Camden; where the mountains meet the sea. In the summer you can sign up for kayak tours right from the town dock. And why not? The harbor is filled with schooners, yachts and sailboats, and just a half mile out is tiny Curtis Island with a lighthouse on the backside.
Our first destination in Camden was Laite’s Beach on Bay View Avenue. I wanted to explore it as a possible launch site. In season, restrooms are available there. It’s a small beach, with very limited parking, quite a ways above the water.

Laite Beach from the Harbor
“We can slide the boats down the grass.” Mark proposed, “then just carry them down the stairs.” Sure - down was easy - but eventually we’d want to bring the boats home. So we went to the official launch beside the condominiums on Sea Street. There are no facilities there and no parking, though parking is available in a nearby lot. I’ve never tried launching out of there in the summer, instead I’ve launched from Rockport, which has a much calmer harbor. In Rockport, for a small fee, you can launch and rinse your boat after.
Though it's quite late in the season, Camden Harbor was still very full.
Mount Battie and Camden Hills State Park form a dramatic backdrop to the harbor.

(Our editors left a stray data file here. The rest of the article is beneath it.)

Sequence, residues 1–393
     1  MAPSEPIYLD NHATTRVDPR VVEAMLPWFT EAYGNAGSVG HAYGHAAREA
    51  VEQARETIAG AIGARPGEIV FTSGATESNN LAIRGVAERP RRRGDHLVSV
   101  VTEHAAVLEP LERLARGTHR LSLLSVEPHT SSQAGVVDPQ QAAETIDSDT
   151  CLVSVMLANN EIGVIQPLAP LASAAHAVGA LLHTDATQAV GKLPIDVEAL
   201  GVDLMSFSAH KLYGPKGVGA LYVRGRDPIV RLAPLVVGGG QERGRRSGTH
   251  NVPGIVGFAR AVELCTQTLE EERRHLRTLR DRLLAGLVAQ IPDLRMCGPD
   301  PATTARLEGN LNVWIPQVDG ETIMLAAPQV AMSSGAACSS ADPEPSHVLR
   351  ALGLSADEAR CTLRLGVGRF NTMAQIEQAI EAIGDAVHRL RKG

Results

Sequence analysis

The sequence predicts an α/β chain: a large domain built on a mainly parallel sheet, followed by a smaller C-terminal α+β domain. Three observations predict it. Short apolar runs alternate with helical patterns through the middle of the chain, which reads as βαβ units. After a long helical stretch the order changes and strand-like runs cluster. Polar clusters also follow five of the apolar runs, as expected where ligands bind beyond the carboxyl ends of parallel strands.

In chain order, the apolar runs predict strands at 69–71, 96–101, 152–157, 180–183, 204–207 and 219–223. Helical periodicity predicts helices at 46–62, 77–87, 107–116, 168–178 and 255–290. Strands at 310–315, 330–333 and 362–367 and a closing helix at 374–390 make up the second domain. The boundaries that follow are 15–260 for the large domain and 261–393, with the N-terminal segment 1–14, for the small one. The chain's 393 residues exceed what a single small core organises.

Camden's library as seen from the harbor.  Look for the tiny tower atop Mount Battie
Most of the schooners were wrapped up for the winter, a few were still out.
Lewis R. French prepares for winter
The Appledore was readying for one last day of cruising.
Meanwhile a frontend loader was pulling up sections of dock.
 After circling the harbor, we cruised along the south shore to Ogier Point.  Once we’d made it out behind Curtis Island the lighthouse came into view.
Closer to Curtis Island
As did some guillemots in their winter coloring.
Guillemots: alcidae with red feet which appear as blurry dots in photos
We went by the day markers, and beyond Northeast Pt. The chart shows passage behind the tip of Northeast Point. Though we were there near high, we found no openings between the rocks, but maybe on a higher high it would be passable. The tiny island just beyond the point was filled with cormorants.
We peeked around the corner then headed back into the harbor. Back at the launch a sailboat was being hauled out - a task made more difficult by a dump truck parked near the launch. We landed at a tiny beach and carried our boats over the rocks to a small turnout which was filled with piles of gravel and dirt for a construction project on a nearby road.